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Tuesday, 16th April 2024
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Editorial Back  
 
Something to be cheery about

The results of this year’s FINANCE Stockbroking survey illustrate a significant advance in a process that has seen greater impact in other Irish financial services sectors - the internationalisation of markets.

As four of the leading stockbrokers note in articles in this issue, 2007 has been a year of further consolidation with institutional investors in the ‘Irish’ market further diversifying their holdings. The past year has seen the Irish market lashed in particular by the storms of the credit crisis, reflecting not so much Ireland as ‘a sell’, but the Irish stock market as one with an exceptional involvement and reliance in sectors that have been affected by the credit crisis - property and financials, and indeed construction, and building materials.

The Irish market, of course will recover, although, at the time of writing as the year end draws to a close, many of the more successful winners and analysts recognised in this year’s survey would caution investors that the time is still not right to venture into the market - at least for those contrarians who wish to execute a perfectly timed intervention at the bottom of the cycle. To judge by the nature of this (historically unique) credit crisis, there is still a distance to travel before all the bad news on credit is extracted from banks and institutions, and ultimately, borrowers, who don’t have a great incentive to part with that bad news.

It is clear, though, that when the market recovers, the proportion of Irish equities in Irish institutional portfolios will be seen to fall further. That is no bad thing - globalisation should be reflected in the portfolio allocations of Irish pensioners and investors.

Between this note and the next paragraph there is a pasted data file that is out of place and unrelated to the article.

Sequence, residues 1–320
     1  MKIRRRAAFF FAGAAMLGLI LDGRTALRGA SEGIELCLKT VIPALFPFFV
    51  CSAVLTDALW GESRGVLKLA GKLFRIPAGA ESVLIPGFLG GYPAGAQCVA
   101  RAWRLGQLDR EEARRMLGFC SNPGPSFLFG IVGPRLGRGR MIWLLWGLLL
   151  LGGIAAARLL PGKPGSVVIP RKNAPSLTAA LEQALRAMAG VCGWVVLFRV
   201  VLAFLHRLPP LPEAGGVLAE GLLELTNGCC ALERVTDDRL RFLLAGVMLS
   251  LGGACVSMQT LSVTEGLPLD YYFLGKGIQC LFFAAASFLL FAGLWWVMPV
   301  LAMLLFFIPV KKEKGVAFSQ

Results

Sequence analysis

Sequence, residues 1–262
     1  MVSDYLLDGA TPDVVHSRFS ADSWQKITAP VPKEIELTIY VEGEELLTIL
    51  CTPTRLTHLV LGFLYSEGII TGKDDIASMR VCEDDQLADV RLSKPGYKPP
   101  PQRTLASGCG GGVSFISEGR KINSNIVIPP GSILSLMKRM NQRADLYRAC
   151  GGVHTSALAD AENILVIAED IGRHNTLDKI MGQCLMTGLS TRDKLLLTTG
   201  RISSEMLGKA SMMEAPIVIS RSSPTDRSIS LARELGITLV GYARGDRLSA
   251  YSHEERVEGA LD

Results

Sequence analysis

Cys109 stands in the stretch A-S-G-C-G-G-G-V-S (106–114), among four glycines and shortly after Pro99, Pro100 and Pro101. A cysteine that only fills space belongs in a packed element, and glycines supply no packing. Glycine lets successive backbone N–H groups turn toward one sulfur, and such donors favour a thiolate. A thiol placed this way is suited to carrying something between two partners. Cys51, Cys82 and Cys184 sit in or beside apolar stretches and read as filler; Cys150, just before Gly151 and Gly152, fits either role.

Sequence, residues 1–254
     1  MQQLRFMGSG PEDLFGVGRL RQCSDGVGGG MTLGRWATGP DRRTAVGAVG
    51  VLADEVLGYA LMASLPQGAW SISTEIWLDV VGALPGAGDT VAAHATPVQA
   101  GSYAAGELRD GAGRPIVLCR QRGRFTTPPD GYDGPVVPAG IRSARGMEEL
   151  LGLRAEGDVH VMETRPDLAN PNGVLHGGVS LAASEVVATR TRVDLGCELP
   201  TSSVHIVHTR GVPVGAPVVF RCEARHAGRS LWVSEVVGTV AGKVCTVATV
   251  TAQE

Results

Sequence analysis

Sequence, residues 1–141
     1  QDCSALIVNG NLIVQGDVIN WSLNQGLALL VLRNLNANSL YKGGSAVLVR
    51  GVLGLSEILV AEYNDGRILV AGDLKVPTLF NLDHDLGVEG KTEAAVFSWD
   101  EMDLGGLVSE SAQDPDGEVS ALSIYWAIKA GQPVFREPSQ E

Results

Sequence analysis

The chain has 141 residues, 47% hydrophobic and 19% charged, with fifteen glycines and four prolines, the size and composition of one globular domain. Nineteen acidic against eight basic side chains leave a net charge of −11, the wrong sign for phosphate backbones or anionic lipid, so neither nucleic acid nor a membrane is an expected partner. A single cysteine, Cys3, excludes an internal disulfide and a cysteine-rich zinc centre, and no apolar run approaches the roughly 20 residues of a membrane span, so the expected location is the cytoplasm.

Globalisation has served the rest of the financial services sector well - as our page 1 story of Citi’s private equity venture shows.

Another page 1 story - on the OECD’s December ‘Economic Outlook’ - illustrates again the extent of the Irish economy’s reliance on construction. The 30 member organisation’s prescription for Irish Government action in curbing excessive current expenditure is to be commended, and would be in line with the stance recommended in this publication, and in our October survey of Budget policy by the country’s leading finance sector economists.

If we take as evidence the 2008 Budget speech, the recent decision by Finance Minister Cowen to initiate a root and branch review of public expenditure in the early months of the new year, the announcement of a review of the regulatory regimes in Ireland in ‘network’ parts of the economy, the stamp duty reforms (most notably the reasons given for that reform - the encouragement of labour mobility) and, above all, the decision to defer politicians’ pay rises for a year, December has been a very good month for economic policy, and for the economy’s prospects in 2008-9. Now that’s something to be cheery about as we face into the new year.

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